Many schemes are being put in place in place to respond to the challenge of peak oil at the global and national levels. Transition Initiatives constitute a local, community response, and complement these schemes by making sure that the changes they require are put into practice on the ground.
The Oil Depletion Protocol is an international agreement designed to enable nations of the world to cooperatively reduce their dependence on oil. It was proposed by Dr. Colin Campbell, a prominent petroleum geologist and founder of the Association for the Study of Peak Oil and Gas (ASPO), in 1996.
By agreeing to reduce oil imports and exports by a specified amount each year, suggested at about 2.6 percent, signatory nations will help mitigate the negative consequences of an over-reliance on cheap oil and help prepare for a global decline in the world’s oil supply. The premise of the Protocol is inherently straightforward: oil importing nations would agree to reduce their imports by an agreed-upon yearly percentage, referred to as the World Oil Depletion Rate, while oil producing nations would agree to reduce their rate of production by their National Depletion Rate. This simple and sensible formula will produce, in effect, a global rationing system. If the entire world adopted the Protocol, global consumption of oil would decline by almost 3 percent per annum, thus stabilizing prices, preserving the resource base, and reducing competition for remaining supplies.
The Oil Depletion Protocol is a program managed by Post Carbon Institute.
Contraction and Convergence (C&C) is a proposed global framework for reducing greenhouse gas emissions to combat climate change. Conceived by the Global Commons Institute in the early 1990's, the Contraction and Convergence strategy consists of reducing overall emissions of greenhouse gases to a safe level (Contraction) where the global emissions are reduced because every country brings emissions per capita to a level which is equal for all countries (Convergence). The Global Commons Institute was founded in the United Kingdom in 1990 by Aubrey Meyer and others to campaign for a fair way to tackle climate change.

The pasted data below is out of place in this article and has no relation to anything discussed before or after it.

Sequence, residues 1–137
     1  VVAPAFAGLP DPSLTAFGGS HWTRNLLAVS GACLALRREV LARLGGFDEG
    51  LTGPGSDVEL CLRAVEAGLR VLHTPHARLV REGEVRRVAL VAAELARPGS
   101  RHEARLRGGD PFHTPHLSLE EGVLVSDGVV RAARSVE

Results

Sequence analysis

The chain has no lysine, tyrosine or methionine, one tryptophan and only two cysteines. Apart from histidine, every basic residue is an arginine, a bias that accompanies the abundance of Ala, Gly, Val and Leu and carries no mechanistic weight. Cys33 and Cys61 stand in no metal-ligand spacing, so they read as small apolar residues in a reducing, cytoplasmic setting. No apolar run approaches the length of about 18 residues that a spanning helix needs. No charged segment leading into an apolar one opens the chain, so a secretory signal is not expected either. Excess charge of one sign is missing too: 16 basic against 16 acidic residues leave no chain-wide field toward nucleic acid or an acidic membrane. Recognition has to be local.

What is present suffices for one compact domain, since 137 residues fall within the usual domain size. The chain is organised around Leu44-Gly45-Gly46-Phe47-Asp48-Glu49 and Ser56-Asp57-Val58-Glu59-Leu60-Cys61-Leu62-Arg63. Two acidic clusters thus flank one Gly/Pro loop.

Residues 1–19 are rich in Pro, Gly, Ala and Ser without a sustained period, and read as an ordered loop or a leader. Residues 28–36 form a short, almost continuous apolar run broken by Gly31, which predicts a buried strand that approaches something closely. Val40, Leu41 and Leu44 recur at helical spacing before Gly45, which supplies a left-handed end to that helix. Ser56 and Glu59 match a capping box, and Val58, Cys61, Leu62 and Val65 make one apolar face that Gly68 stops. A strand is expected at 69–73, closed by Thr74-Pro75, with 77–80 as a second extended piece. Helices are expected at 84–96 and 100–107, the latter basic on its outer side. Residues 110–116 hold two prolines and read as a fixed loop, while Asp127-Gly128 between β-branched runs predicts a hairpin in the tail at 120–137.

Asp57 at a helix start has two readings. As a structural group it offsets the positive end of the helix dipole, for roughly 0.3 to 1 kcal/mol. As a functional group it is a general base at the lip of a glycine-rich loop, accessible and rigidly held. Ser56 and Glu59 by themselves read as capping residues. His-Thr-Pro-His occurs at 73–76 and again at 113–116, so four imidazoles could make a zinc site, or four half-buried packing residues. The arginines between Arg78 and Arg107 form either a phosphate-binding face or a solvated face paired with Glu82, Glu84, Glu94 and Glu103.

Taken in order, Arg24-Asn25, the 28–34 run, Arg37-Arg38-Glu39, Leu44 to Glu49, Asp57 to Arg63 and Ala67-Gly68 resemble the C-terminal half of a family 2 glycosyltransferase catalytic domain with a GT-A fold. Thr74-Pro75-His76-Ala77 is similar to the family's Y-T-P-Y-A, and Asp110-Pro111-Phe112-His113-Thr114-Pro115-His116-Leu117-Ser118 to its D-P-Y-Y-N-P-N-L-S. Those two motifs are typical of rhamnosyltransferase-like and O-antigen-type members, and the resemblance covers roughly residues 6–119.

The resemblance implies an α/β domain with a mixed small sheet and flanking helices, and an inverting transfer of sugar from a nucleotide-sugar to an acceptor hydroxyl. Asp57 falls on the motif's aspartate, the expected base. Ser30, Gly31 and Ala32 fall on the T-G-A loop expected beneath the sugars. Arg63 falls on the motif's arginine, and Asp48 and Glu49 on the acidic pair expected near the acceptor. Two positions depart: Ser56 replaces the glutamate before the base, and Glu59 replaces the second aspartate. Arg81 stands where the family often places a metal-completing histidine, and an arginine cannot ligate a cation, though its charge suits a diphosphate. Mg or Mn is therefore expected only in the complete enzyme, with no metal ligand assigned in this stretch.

Contraction and Convergence is intended to form the basis of an international agreement which will reduce carbon emissions to avoid climate change. It is expressed as a simple mathematical formula. This formula can be used as a way for the world to stabilize carbon levels at any level. The supporters of Contraction and Convergence anticipate that future negotiations would focus solely on what that final level should be.
Energy rationing schemes appear to hold the greatest promise for reducing oil consumption at the national level. An example is the Tradable Energy Quota Scheme (TEQS), a system that enables nations to address the dual problems of peak oil and climate change, and to ensure fair access to energy for all. TEQS supplies the incentive for citizens, industry and Government to work now on achieving the necessary rapid transformation in the way we use fuel into the future. It empowers localities and individuals to be able to make a tangible difference. It is fair, simple and practical, and gets results by bringing everyone together in a single scheme and uniting them in the common purpose.
Other names for Tradable Energy Quotas include: Domestic Tradable Quotas (DTQs), Personal Carbon Allowances (PCAs), Personal Carbon Trading, Carbon Quotas, Personal Carbon Rationing and Tradable Permits.
This is where Transition Initiatives play a significant role. In essence, this is a process of relocalizing all the essential elements that a community needs to sustain itself and thrive. It builds local resilience in the face of the potentially damaging effects of peak oil while dramatically reducing the community's carbon footprint. In this way, it addresses both peak oil and climate change.